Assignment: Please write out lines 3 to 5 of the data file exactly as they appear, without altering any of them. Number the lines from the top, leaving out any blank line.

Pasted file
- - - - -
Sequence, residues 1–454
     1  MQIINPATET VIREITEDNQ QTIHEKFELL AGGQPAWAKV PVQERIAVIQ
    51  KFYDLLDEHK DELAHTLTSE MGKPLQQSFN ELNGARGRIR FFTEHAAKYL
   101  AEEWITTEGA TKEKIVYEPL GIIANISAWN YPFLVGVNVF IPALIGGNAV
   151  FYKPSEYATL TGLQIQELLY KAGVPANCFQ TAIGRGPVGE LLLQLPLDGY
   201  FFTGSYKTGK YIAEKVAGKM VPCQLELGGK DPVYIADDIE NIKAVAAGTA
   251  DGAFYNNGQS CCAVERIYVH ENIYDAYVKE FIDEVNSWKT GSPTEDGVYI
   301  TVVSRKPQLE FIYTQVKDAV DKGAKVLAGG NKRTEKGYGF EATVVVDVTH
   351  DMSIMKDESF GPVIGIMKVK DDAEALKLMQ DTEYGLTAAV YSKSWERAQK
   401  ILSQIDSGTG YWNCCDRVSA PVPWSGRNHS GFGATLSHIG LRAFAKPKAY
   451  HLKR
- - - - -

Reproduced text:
    51  KFYDLLDEHK DELAHTLTSE MGKPLQQSFN ELNGARGRIR FFTEHAAKYL
   101  AEEWITTEGA TKEKIVYEPL GIIANISAWN YPFLVGVNVF IPALIGGNAV
   151  FYKPSEYATL TGLQIQELLY KAGVPANCFQ TAIGRGPVGE LLLQLPLDGY